Benedict XVI: Resurrection of the dead —the Divine Word leads us there…
(CUSA) – In this excerpt from a homily for deceased Cardinals, Pope Benedict reflects on Ezekiel’s vision of the dry bones how it prefigures our own return to the Father in heaven. —Ed.
HOMILY OF POPE BENEDICT XVI
NOVEMBER 4, 2006
Dear Brothers and Sisters,
In the past few days the Solemnity of All Saints and the Commemoration of All Souls have helped us to meditate on the final destination of our earthly pilgrimage.
At the end of life, death deprives us of all that is earthly, but not of that Grace and that sacramental “character” by virtue of which we are indissolubly associated with Our Lord and Savior’s Paschal Mystery. Emptied of all but clothed in Christ: thus do the baptized cross the threshold of death and are presented to the just and merciful God.
In order that the white garment received in Baptism may be purified of every speck and every stain, the Community of believers offers the Eucharistic Sacrifice and other prayers of suffrage for those whom death has called to pass from time to eternity.
Praying for the dead is a noble practice that implies belief in the resurrection of the dead, in accordance with what has been revealed to us by Sacred Scripture and, in a complete way, by the Gospel.
We have just heard the account of Ezekiel’s vision of the dry bones (37: 1-14). This is certainly one of the most important and impressive biblical passages which lends itself to a twofold interpretation.
From the historical viewpoint, it responds to the need for hope by the Israelites deported to Babylon, distressed and afflicted at having to bury their dead in a foreign land.
The Lord announces to them through the mouth of the prophet that he will rescue them from that nightmare and enable them to return to the land of Israel. The evocative image of the bones that come to life and come together thus represents this people, who regains vigor and hope in order to return to their homeland.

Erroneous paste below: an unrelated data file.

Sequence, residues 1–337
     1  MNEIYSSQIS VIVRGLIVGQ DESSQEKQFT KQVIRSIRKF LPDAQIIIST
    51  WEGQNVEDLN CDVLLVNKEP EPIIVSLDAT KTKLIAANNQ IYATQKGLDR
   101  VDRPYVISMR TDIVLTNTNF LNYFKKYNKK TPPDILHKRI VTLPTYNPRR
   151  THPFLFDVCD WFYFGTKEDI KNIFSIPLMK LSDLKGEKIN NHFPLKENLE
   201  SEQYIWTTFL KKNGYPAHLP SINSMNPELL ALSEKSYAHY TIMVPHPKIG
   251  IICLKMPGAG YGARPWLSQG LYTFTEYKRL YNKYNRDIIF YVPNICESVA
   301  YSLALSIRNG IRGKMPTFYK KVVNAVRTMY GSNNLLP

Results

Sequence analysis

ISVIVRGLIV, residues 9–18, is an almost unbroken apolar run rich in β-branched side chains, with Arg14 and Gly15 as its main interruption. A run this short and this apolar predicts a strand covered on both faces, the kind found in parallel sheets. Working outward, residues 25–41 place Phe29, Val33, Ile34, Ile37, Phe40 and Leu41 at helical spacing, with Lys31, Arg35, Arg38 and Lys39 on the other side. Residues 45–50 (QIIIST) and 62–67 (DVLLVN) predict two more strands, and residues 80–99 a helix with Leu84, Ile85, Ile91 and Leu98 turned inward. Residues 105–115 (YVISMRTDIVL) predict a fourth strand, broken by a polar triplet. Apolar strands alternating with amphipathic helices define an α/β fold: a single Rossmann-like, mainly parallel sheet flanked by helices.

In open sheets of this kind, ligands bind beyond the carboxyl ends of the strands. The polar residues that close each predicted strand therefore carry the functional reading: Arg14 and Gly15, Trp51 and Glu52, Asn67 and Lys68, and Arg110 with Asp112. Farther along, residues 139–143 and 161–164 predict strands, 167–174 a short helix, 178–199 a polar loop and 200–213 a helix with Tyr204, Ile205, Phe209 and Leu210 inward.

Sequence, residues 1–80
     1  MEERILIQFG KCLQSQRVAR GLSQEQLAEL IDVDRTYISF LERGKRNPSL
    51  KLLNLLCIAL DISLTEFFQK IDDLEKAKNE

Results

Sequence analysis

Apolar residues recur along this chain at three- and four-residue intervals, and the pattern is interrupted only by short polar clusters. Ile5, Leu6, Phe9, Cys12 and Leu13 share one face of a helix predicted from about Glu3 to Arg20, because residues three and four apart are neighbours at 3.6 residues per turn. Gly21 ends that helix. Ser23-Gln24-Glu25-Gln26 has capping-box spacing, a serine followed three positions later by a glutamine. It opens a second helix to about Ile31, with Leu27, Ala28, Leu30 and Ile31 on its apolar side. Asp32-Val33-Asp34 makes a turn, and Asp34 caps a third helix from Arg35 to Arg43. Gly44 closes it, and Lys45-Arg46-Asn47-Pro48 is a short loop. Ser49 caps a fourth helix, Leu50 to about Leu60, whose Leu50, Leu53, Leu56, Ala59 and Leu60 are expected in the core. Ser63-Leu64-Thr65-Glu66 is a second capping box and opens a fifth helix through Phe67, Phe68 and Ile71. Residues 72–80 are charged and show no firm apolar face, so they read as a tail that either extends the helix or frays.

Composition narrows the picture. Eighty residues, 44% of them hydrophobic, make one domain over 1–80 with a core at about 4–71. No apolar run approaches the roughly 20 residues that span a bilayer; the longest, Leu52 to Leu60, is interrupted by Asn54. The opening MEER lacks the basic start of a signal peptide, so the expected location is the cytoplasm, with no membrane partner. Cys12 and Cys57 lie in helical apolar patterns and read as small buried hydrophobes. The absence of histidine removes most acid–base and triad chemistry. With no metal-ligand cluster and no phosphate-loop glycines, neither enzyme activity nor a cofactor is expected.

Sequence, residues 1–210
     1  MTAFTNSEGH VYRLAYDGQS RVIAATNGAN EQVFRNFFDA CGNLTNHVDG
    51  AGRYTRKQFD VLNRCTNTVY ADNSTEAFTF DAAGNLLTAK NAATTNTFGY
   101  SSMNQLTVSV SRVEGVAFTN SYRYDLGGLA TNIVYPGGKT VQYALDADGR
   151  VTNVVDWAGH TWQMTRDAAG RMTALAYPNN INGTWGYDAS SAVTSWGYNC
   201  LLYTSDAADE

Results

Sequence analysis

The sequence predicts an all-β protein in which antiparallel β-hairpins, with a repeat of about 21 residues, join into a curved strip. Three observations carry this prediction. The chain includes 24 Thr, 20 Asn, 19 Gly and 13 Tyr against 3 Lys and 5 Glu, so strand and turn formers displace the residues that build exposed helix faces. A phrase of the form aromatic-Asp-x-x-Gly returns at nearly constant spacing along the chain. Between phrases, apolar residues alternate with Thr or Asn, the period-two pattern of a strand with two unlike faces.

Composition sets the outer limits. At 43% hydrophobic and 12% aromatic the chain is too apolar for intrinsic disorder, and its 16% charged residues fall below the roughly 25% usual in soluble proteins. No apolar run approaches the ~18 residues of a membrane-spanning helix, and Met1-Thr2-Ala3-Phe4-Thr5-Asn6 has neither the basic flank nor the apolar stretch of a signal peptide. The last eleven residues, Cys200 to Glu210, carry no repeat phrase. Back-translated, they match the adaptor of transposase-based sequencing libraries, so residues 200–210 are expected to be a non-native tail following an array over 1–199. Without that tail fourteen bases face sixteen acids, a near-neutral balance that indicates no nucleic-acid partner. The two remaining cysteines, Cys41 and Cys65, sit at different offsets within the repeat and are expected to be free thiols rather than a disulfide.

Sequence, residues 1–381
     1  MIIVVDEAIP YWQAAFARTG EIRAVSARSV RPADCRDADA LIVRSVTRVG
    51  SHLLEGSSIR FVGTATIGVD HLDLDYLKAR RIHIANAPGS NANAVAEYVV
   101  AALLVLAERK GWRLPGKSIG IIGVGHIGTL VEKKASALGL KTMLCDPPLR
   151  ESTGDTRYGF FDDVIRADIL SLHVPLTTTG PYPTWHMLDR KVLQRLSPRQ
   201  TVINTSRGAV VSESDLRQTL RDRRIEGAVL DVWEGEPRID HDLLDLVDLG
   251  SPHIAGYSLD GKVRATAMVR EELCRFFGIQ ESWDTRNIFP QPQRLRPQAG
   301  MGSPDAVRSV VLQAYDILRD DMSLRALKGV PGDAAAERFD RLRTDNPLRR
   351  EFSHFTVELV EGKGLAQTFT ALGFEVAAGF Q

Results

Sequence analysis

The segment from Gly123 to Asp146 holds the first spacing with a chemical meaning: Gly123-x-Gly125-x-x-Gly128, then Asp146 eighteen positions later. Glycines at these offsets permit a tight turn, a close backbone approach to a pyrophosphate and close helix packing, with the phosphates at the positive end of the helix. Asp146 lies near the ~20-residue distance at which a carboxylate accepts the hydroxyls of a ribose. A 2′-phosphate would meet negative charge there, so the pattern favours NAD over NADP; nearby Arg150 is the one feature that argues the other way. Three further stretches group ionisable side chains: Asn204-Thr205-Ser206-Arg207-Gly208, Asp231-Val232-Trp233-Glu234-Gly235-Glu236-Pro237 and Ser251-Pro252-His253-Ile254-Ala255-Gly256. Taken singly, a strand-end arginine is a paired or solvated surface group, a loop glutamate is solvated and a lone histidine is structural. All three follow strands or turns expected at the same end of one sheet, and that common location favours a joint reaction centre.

However, Ezekiel’s long and eloquent oracle, which exalts the power of the Word of God to whom nothing is impossible, at the same time marks a decisive step ahead towards faith in the resurrection of the dead. This faith was to be fulfilled in the New Testament.
In the light of Christ’s Paschal Mystery, the vision of the dry bones acquires the value of a universal parable on the human race, a pilgrim in earthly exile subjected to the yoke of death.
The divine Word, incarnate in Jesus, comes to dwell in the world, many aspects of which make it a desolate valley; he shows full solidarity with human beings and brings them the glad tidings of eternal life. This announcement of hope is proclaimed to the depths of the afterworld, while the way that leads to the Promised Land is opened once and for all.
In the Gospel passage, we listened once again to the first verses of Jesus’ great prayer cited in Chapter 17 of John. The Lord’s sorrowful words show that the ultimate purpose of the entire “work” of the Son of God Incarnate consisted in giving eternal life to men and women (Jn 17: 2). Jesus also told us what eternal life consists in: “that they know you the only true God, and Jesus Christ whom you have sent” (Jn 17: 3).
In these words one can hear the praying voice of the Ecclesial Community, aware that the revelation of the “Name” of God received from the Lord is equivalent to the gift of eternal life. Knowing Jesus means knowing the Father; and knowing the Father means entering into real communion with the very Origin of Life, Light and Love.
We intend our prayers of suffrage today to be united with this prayer of the Lord which is priestly par excellence.
Christ substantiated his entreaty to the Father with the gift of himself on the Cross; let us offer our prayers in union with the Eucharistic Sacrifice, which is the real and actual representation of that unique and saving self-emptying.
Let us gather together in this Holy Eucharist every thanksgiving and every supplication, for the benefit of the souls of all the deceased, whom we commend to the divine mercy.